The Offshore Racing Association (ORA) has introduced Large Roach Headsails (LRH) into the 2018 Offshore Racing Rule (ORR), which will allow their use in most divisions in the Newport Bermuda Race (see NOR). Here’s the explanation from ORA Technical Director, Jim Teeters.
Large Roach Headsails reside in the “no-man’s” land between headsails (genoas/jibs) and spinnakers that were previously not allowed in ORR racing. After several years of consultation with sailors and representatives of the marine industry, the ORR committee has developed a methodology to measure and fairly rate these sails.
There are a number of boats that will find this sail fills a gap in their sail inventory. One example is a boat with a fractional rig whose largest headsail is non-overlapping. For tight to beam reaching, especially in light air, there is no sail on board that would provide optimal performance.
There are also a number of boats for which the LRH has virtually no attraction. A boat rigged with a masthead overlapping headsail already has in her inventory a sail or sails that achieve much of what an LRH does.
Included in this report are presentations of the effects of LRH’s on typical ratings for a small sample of boats. This illustrates how different boats are affected differently and why it is necessary for the ORR VPP to be able to correctly assess the impact of LRH sails on any specific boats.
What is a Large Roach Headsail or “Tweener” sail?
Large Roach Headsails or “Tweener” sails are sails that have an LPG greater than 1.1 x J of the LRH and a half width of more than 50% but less than 75% of the foot when measured as a spinnaker. These sails are officially called “Large Roach Headsails” by ORR.
How is an LRH sail measured?
The sails are measured both as a headsail and as a spinnaker. ORR collects measurement data for the sails to properly place them along the spectrum of headsails using the ratio of half width to foot. For example, a 55% ratio sail should perform more like a headsail than a spinnaker. The reverse would be true for a sail with a 70% ratio; it would perform more like a spinnaker. The following diagram illustrates what an LRH might look like along with the measurements. Note that “I” and “J” values shall be measured specific to how the LRH is flown.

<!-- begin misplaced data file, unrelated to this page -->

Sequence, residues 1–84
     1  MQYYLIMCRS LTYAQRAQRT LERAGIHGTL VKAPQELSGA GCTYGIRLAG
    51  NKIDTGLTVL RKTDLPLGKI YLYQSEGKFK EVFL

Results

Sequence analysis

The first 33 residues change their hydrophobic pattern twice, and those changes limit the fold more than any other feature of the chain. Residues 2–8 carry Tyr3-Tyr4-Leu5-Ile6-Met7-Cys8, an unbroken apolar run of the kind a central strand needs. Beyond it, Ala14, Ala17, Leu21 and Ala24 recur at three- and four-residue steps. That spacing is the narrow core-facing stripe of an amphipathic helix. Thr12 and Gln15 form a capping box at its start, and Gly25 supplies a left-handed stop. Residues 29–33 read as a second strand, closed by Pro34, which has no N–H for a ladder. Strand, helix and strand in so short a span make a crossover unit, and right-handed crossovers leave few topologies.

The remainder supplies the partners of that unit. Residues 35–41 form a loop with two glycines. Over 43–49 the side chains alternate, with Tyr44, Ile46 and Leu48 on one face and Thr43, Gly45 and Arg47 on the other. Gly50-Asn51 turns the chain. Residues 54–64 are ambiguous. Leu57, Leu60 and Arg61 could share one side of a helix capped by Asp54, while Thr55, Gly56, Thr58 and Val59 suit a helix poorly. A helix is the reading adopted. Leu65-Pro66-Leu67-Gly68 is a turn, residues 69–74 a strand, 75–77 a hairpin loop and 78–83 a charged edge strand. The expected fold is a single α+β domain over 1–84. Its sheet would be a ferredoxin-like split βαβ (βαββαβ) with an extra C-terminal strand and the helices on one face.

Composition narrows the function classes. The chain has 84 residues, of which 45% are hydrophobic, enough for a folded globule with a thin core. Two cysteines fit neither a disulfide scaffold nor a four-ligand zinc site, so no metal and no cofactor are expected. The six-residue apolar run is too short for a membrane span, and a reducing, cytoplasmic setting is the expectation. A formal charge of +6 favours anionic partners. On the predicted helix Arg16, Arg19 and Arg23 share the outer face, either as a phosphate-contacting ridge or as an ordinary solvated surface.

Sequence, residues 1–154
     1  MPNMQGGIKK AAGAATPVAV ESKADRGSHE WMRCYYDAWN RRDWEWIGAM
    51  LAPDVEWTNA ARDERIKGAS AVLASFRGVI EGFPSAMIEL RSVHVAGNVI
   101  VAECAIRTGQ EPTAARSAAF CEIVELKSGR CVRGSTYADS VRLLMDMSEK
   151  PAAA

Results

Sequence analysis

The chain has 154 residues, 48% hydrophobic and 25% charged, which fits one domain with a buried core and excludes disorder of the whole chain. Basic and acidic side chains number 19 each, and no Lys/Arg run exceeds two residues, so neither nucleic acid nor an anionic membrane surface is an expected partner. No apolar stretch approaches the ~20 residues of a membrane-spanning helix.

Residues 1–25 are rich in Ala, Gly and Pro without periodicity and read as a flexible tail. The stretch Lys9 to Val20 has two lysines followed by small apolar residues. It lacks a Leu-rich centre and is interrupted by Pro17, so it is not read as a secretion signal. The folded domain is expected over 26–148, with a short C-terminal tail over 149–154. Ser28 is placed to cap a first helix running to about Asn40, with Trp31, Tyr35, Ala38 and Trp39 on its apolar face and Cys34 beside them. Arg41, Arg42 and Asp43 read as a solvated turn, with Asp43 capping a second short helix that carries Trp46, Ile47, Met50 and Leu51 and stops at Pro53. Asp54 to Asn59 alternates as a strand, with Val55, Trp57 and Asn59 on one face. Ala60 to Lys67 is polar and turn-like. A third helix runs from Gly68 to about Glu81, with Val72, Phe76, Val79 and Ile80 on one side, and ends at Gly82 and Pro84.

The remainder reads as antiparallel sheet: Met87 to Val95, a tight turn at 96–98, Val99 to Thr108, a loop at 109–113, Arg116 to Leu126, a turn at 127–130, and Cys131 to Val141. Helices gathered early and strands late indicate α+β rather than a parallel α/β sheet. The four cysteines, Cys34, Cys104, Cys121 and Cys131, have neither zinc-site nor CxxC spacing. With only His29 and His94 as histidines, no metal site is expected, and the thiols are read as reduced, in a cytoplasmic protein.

How many LRH sails can I have on board?
One of these types of sails will be allowed for racing in 2018 and included as part of the headsail inventory. Below is the ORR rule book sail limitation table:
Are there restrictions on how LRH sails are flown?
Again, there can be only one on board. When flying, it must be tacked on centerline. It cannot be flown inside of another sail (e.g. a headsail or spinnaker).
What is the impact on my ORR or ORR-ez rating if I carry a Large Roach Headsail?
The ORR VPP predicts the boat speed with Main and LRH at all wind angles and wind speeds. In the sample below, the pink curve shows a 62.5% LRH on a fractional-rigged, non-overlapping-headsail boat.
In this sample the LRH provides the fastest solution between 65 and 90 degrees true wind angle. Any rating that included sailing at those angles and in this wind speed would be affected. In this case, the windward-leeward rating is unchanged because the optimum upwind and downwind VMGs come from the headsail and spinnaker curves.
The impact will be different for different kinds of boats. And it will vary with the size of the LRH as well as the ratio of half width to foot. In the above example, if the LRH were shaped to have a 55% ratio with the same sail area you could expect it to behave more like a headsail and be the fastest solution upwind in light air. In that case, the windward-leeward rating would change.
The following table gives the results for several different boats using a 62.5% LRH:
Again, this is just a sampling of plausible LRH effects on boats racing in ORR.
For more information or to request trial certificates for your boat:
Offshore Racing Association: firstname.lastname@example.org
US Sailing’s Offshore Office: email@example.com